Monsignor Jerome Boxleitner (ret.) for decades headed Catholic Charities of the Archdiocese of St. Paul and Minneapolis. He became good friends with Vento and he says with the congressman's passing, struggling Americans lose one of their strongest advocates in Washington.

"I often thought he took care of the birds in the air, but he also took care of the people on the streets," said Boxleitner. "He mixed well with people who were poor and never treated them as if they were anything but peers. He had a great knack to show respect for people regardless of their economic condition."

"I often thought he took care of the birds in the air, but he also took care of the people on the streets."

- Monsignor Jerome Boxleitner (ret.)
Vento's struggle with lung cancer cut into his time in Washington. He had been in and out Minnesota hospitals and maintained a relatively low public profile in his last months. His most recent public event was in mid-September for the renaming of a school. Bruce F. Vento Elementary is less than a block from the East St. Paul house where the congressman grew up.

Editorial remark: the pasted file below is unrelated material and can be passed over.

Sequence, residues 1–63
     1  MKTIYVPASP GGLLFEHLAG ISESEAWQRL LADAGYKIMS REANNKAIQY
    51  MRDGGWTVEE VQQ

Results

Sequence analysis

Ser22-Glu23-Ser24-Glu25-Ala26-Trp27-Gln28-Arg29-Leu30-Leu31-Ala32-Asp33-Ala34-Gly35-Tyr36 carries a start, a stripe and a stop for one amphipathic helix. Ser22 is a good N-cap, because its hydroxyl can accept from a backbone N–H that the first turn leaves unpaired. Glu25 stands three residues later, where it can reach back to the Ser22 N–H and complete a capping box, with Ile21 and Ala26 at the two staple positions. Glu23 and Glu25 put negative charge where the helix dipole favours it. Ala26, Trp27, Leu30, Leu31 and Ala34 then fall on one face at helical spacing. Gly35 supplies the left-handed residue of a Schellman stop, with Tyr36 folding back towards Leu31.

Under a huge tent set up in the parking lot, neighborhood residents, political dignitaries and elementary school students honored the congressman. The kids wore matching Bruce F. Vento Elementary School t-shirts, complements of a local pipe-fitters' union.

Looking frail from cancer treatments, Vento graciously acknowledged the recognition. He placed a tiny congressional pin and a photograph of himself, President Clinton and Minnesota Lt. Gov. May Schunk in a time capsule.

"Going to school is an everyday process; it isn't something we accomplish and are all done with," Vento told the children. "We have to put in our time every day to try and achieve and learn so that we can develop our talents and each of you, thank goodness, have special talents; each of you are special persons."

Vento did not talk a great deal about his illness other than to thank people for their support. He also noted the irony of an advocate for working people and clean-air contracting cancer, most likely from exposure to asbestos as a blue-collar laborer decades ago. His main message in his limited public appearances had been to underscore his belief in the importance of life-long education and civic involvement.